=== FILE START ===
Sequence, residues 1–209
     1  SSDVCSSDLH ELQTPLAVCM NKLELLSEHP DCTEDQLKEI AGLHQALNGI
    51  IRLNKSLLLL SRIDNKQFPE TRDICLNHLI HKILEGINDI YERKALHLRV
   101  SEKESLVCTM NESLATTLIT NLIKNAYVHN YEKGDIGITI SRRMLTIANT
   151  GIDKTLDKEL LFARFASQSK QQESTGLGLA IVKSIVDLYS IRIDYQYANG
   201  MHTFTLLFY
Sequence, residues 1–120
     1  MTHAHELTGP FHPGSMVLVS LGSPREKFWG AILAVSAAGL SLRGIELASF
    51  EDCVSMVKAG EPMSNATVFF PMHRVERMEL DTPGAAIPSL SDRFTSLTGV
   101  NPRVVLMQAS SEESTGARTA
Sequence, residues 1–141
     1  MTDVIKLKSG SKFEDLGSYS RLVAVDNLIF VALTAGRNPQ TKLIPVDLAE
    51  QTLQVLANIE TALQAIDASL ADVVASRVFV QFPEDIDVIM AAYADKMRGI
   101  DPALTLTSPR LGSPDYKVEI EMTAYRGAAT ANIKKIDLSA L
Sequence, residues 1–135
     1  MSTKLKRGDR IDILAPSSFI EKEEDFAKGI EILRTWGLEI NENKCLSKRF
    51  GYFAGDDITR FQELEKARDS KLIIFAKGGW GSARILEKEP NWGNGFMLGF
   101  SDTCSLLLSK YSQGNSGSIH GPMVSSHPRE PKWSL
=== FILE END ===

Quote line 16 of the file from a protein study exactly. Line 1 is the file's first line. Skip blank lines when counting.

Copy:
     1  MSTKLKRGDR IDILAPSSFI EKEEDFAKGI EILRTWGLEI NENKCLSKRF